Performance Marketing is Now the Tail That Wags the Marketing World’s Dog

By Greg Shepard on October 13, 2017

Performance marketing is an online strategy where an advertiser (brand, agency, retailer, merchant) pays a third-party marketer (affiliate, publisher, influencer) when a consumer completes a specific action. These actions can include sales, leads, clicks or another predetermined action.


Forrester reports that performance marketing is a $4.2 billion industry expected to reach $6.8 billion by 2020. As brands recognize that traditional forms of marketing are no longer working, performance marketing commands an increasingly larger slice of marketers’ budgets. According to Forrester, over 80% of all marketers allocate 10% of their marketing budget to performance marketing.

The market has taken note of this shift. In the past few years, affiliate network Commission Junction was acquired by digital marketing firm Conversant, formerly ValueClick, which was then acquired by data marketer Alliance Data for $2.3 billion. Ebates was acquired by Japanese ecommerce firm Rakuten for $1 billion and, most recently, eBay Enterprise Marketing Solutions acquired AffiliateTraction. Collectively, eBay Enterprise and AffiliateTraction were then acquired by investment firms Banneker Partners and Permira Funds for $985 million and is now known as Pepperjam.

More recently, performance marketing services provider Impact Radius completed a $30 million round of funding through Boston-based Silversmith Capital Partners, a $460 million fund which invests in high growth companies expanding beyond the startup phase.

In early January, affiliate network Affiliate Window announced the acquisition of ShareASale, giving the former increased access to the latter's 107 retailers in the Internet Retailer 1000. Affiliate Window’s parent company, Zanox, acquired 100 percent of ShareASale shares -- all owned by ShareASale CEO Brian Littleton -- for $35 million. Based on 2017 performance, this could increase to $45 million.

Additionally, predictive analytics ecommerce firm Custora says affiliate marketing will affect 14% of all ecommerce purchases in the United States. Couple that with Forrester’s finding that 2016 US ecommerce sales hit $279 billion and you’ve got affiliate marketing affecting $39 billion in sales. Compare the impact of affiliate to the 17% of ecommerce affected by email and 19% affected by organic search --performance marketing is no longer just an interesting side show. It’s now an integral, front-and-center component of every brand’s marketing mix.

This growth paired with recent M&A and investment activity is a strong indicator that performance marketing has caught the eye of a broader market, gaining recognition for its superior ability to track performance over more traditional forms of marketing.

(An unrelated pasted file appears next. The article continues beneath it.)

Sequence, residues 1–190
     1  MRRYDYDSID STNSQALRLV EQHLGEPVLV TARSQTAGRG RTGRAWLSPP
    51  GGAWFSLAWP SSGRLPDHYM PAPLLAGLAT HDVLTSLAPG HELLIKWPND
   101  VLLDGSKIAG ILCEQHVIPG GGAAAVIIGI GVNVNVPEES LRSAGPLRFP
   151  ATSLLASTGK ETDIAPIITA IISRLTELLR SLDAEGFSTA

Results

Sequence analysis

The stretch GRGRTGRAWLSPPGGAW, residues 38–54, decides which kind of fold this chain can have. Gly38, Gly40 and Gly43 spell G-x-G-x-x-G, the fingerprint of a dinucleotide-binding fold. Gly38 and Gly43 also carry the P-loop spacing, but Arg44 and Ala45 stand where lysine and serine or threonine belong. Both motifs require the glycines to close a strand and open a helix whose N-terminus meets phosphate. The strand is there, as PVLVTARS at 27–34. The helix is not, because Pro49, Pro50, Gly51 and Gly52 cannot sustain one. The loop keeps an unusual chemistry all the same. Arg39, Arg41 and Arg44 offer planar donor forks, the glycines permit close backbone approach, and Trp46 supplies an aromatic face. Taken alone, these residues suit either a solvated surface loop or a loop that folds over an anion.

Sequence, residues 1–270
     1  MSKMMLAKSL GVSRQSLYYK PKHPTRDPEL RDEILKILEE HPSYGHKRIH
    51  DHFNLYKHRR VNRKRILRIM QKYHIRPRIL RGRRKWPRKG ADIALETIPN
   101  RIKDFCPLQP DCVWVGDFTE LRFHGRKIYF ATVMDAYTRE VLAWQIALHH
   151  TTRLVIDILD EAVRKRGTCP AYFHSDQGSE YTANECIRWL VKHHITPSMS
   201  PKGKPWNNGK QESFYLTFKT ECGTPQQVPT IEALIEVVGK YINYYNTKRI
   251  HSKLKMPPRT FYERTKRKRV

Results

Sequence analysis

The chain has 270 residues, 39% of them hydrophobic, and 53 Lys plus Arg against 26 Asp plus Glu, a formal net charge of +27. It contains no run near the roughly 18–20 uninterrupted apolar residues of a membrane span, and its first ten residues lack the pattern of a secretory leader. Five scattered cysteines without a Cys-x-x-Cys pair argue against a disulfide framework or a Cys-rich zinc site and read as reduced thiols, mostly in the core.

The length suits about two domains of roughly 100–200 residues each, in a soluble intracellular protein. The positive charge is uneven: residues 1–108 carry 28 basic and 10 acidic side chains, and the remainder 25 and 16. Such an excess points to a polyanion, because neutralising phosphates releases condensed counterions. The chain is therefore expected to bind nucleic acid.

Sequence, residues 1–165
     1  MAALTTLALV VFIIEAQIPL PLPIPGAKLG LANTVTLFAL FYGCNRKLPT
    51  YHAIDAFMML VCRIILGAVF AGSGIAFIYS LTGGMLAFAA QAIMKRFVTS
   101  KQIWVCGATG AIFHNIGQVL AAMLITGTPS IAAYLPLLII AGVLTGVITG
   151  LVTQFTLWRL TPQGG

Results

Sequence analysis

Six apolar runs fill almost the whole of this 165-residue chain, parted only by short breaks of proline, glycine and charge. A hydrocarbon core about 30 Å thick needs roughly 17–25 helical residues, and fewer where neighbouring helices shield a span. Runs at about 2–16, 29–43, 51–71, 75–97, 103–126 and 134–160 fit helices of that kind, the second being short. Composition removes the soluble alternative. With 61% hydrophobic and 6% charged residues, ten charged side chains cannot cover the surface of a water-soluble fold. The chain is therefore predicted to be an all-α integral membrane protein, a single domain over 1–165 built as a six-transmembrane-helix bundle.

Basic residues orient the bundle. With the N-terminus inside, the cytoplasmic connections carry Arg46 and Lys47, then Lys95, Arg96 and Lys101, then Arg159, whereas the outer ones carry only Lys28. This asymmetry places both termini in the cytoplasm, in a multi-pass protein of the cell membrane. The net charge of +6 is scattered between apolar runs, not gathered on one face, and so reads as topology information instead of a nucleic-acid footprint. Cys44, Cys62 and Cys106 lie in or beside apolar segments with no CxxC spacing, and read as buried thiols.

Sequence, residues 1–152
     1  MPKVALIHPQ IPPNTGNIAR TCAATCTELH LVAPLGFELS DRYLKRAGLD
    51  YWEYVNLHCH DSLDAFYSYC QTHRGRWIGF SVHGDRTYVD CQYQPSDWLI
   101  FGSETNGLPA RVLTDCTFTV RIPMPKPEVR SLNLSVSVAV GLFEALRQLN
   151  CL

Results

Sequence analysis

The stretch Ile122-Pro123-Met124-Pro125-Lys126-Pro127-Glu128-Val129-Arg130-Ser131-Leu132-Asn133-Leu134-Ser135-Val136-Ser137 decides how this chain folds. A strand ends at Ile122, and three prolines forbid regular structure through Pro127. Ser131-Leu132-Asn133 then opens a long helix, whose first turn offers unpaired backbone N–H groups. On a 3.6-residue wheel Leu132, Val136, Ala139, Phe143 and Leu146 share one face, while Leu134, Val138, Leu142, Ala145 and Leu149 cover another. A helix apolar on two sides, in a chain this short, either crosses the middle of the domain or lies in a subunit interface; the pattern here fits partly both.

Playing a vital part of this explosive growth is the equally stratospheric growth of influencer marketing. According to MediaKix, influencer marketing is projected to be a $5-10 billion market by 2020.

It’s no surprise that influencer marketing -- comparable to a modern-day word of mouth -- has come into its own as a primary method of marketing for the entire performance marketing ecosystem. These influencers, celebrity or otherwise, have amassed large followings on Twitter, Facebook, Instagram, Pinterest, Snapchat and other networks becoming an important outlet for brands looking to move product.

According to MarketLive’s most recent figures, social media increased its contribution to ecommerce referrals by 200% between Q1 2014 and Q1 2015. Roughly 2% of all ecommerce traffic in the US now stems from social networks. Burst Media reports that consumer brands took in $11.33 for every $1 spent on influencer marketing programs last year and apparel brands earned $10.48 for every $1 spent.

Social media influencers’ increased contribution to ecommerce activity has triggered a shift in focus for performance marketers to include influencer marketing within their ecommerce strategy. When influencer marketing emerged, compensation in exchange for content consisted of a flat fee paid by a brand to the influencer for a specific action performed such as a series of tweets or Instagram posts. Now, the marriage of performance and influencer marketing has yielded pay for performance partnership models. These campaigns provide tracking links to influencers which accurately measure engagement, and sales generated from their content with a seamless payment solution to the influencer only when their actions drive results. Overlaying the performance marketing model atop the burgeoning influencer marketing channel provides the best of both worlds: payment only for a performance metric while tapping into a trusted word of mouth relationship between consumer and influencer.

While television still commands the largest market share, it’s flat lining. By 2019, according to McKinsey, television will command just 35.9% market share as compared to digital’s 38.9%--a clear shift in the tide. Spending $5 million on a Super Bowl ad for a questionable return is a practice that will not be upheld forever in favor of marketing efforts that provide more accurate insight into real-time results By adopting and executing on a performance marketing strategy, brands and advertising agencies will opt for valuable brand awareness, targeted advertising opportunities and guaranteed results.

Topics:   performance marketing Pepperjam Thought Leadership